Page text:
Habitat for Humanity (HFH)’s involvement in Myanmar arose after Cyclone Nargis struck on 2 May 2008. Some 145,000 people were reported to have perished and more than 50,000 others were listed as missing in one of the worst storms in decades to affect the country. Damage was estimated at USD 10 billion. In July 2008, international non-government organization World Concern started an integrated multi-sector disaster recovery programme in 30 villages in Labutta township, in the devastated Ayeyarwaddy delta, 200 km southwest of the former capital Yangon. HFH became one of World Concern’s partners in a phased programme to facilitate early recovery and restore access to food, water, shelter, income and healthcare.
Myanmar is among the poorest countries in Asia with 1 in 4 people living below the national poverty line. Most of the poor live in rural areas which also tend to be affected by civil conflicts or natural disasters such as forest fires, landslides, floods and storm surges. A 2011 joint survey by UNICEF and the Myanmar government in 24 townships showed that more than 60% of the population has access to improved water and sanitation facilities. However, just over 1 in 10 persons handled water safely before drinking while 85% of the population still defecated in open areas.
Myanmar is among the poorest countries in Asia with 1 in 4 people living below the national poverty line.
Since January 2014, HFH and its partner World Concern have been working in 11 villages to improve 965 families’ health through water and sanitation facilities, such as wells, water points and latrines as well as two rural health centers. Local communities are involved in raising personal hygiene standards. Families make decisions to build their own sanitation facilities. In addition, HFH has built a cyclone shelter to reduce the risks from future disasters. The projects are supported by Nissan and HFH Australia.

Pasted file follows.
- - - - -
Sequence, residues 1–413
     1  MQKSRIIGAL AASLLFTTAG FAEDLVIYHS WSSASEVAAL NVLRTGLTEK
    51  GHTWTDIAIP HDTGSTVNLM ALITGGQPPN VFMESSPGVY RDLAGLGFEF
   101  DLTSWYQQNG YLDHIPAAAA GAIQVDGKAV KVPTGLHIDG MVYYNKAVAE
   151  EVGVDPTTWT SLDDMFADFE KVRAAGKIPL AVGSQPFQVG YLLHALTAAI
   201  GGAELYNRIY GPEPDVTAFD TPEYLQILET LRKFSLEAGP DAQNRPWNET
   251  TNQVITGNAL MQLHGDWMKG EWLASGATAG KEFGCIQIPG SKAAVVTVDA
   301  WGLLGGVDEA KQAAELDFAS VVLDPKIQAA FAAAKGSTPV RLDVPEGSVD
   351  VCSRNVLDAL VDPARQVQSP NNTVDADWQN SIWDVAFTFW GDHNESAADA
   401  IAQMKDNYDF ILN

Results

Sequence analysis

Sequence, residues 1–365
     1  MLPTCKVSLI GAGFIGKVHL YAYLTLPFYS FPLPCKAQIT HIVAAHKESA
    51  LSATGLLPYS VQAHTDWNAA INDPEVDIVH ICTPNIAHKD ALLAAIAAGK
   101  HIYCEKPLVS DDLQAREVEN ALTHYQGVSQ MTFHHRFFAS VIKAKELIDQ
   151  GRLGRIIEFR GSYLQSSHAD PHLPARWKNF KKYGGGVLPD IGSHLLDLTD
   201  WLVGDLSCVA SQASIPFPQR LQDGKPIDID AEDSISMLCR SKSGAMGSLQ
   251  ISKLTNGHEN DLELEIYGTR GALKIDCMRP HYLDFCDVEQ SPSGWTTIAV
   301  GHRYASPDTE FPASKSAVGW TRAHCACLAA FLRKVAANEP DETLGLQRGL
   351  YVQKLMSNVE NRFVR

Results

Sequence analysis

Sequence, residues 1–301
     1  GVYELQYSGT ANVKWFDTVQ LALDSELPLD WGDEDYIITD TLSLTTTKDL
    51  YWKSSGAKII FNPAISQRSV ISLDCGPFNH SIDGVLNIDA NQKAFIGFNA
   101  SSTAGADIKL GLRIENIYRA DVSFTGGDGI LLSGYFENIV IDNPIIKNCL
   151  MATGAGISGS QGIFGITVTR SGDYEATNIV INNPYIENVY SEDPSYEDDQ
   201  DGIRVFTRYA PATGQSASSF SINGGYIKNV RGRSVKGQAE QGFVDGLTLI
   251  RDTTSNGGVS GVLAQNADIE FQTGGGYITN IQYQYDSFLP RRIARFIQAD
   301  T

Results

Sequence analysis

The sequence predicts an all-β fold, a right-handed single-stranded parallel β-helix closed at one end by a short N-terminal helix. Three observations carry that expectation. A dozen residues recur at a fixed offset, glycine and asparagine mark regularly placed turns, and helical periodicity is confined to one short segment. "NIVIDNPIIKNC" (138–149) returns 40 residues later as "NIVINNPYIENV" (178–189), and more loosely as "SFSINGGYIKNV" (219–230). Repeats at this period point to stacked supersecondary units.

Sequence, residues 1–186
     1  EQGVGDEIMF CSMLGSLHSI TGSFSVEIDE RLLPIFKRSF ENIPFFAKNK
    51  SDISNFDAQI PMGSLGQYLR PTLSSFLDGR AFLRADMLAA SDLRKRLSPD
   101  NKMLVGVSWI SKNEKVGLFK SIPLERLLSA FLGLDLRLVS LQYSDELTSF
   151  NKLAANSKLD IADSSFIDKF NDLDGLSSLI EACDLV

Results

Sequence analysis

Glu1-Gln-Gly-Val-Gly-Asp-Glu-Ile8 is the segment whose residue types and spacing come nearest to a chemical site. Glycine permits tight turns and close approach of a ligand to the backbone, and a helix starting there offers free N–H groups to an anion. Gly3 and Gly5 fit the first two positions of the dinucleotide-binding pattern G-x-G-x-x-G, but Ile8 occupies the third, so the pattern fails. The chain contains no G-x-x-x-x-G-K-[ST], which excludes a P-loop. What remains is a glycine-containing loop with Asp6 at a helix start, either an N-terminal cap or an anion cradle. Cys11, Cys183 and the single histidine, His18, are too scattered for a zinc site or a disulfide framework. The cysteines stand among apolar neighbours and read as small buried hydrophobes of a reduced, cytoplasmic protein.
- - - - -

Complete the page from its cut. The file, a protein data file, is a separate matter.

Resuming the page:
HFH currently works with World Concern in 26 villages in Myanmar through two new projects that began in March 2015. In Mon state, an estimated 6,330 people in 14 villages will benefit from clean water and improved sanitation by June 2016. In the Ayeyarwady delta region, about 5,000 people in 12 villages will gain access to improved sanitation and clean water as well as a cyclone shelter which will double up as a school when there are no disasters. This project will end in December 2015.
In Mon state and the Ayeyarwady delta region, the lack of clean water drains families’ limited incomes on buying water. Women and children also have to walk longer distances to fetch water from another village. With support from HFH Australia, wells are being constructed to facilitate water supply.
In response to the devastating Cyclone Nargis in May 2008, HFH and World Concern built and repaired more than 1,700 basic houses in 18 communities in the Ayeyarwady delta. Habitat houses used strengthened timber-frames and were built on lightweight concrete stilts. Walls and floors were made from woven bamboo, and roofs were fitted with galvanized iron sheets. Each house came with a latrine and water catchment system. HFH also helped to supervise the construction of jetties and the repair of roads through a cash-for-work programme funded by World Concern.
Daw Lae is happy with the changes in her family’s life after Habitat for Humanity and World Concern installed water facilities and conducted training.
Daw Lae, a housewife, and her husband U San Myint, a laborer, and their three children live in Phar Pain village. Their village is about 64 kilometers from Kyeik Hto town in Mon state. When work is available in the orchards, U San Myint can earn between 2,500 and 3,000 kyats (USD 2.50 to 3.00) a day.
Like other villagers, Daw Lae and her family face the problems with the lack of adequate water supply and the practice of open defecation. She often has to spend the family’s meager income on medicine when her family members come down with diarrhea, skin infections and other waterborne diseases.
Daw Lae is happy with the changes in her family’s life after HFH and World Concern installed water facilities and conducted training. She managed to save money to buy two piglets and chicken, and started to grow vegetables in her home garden. Her children’s health has also improved.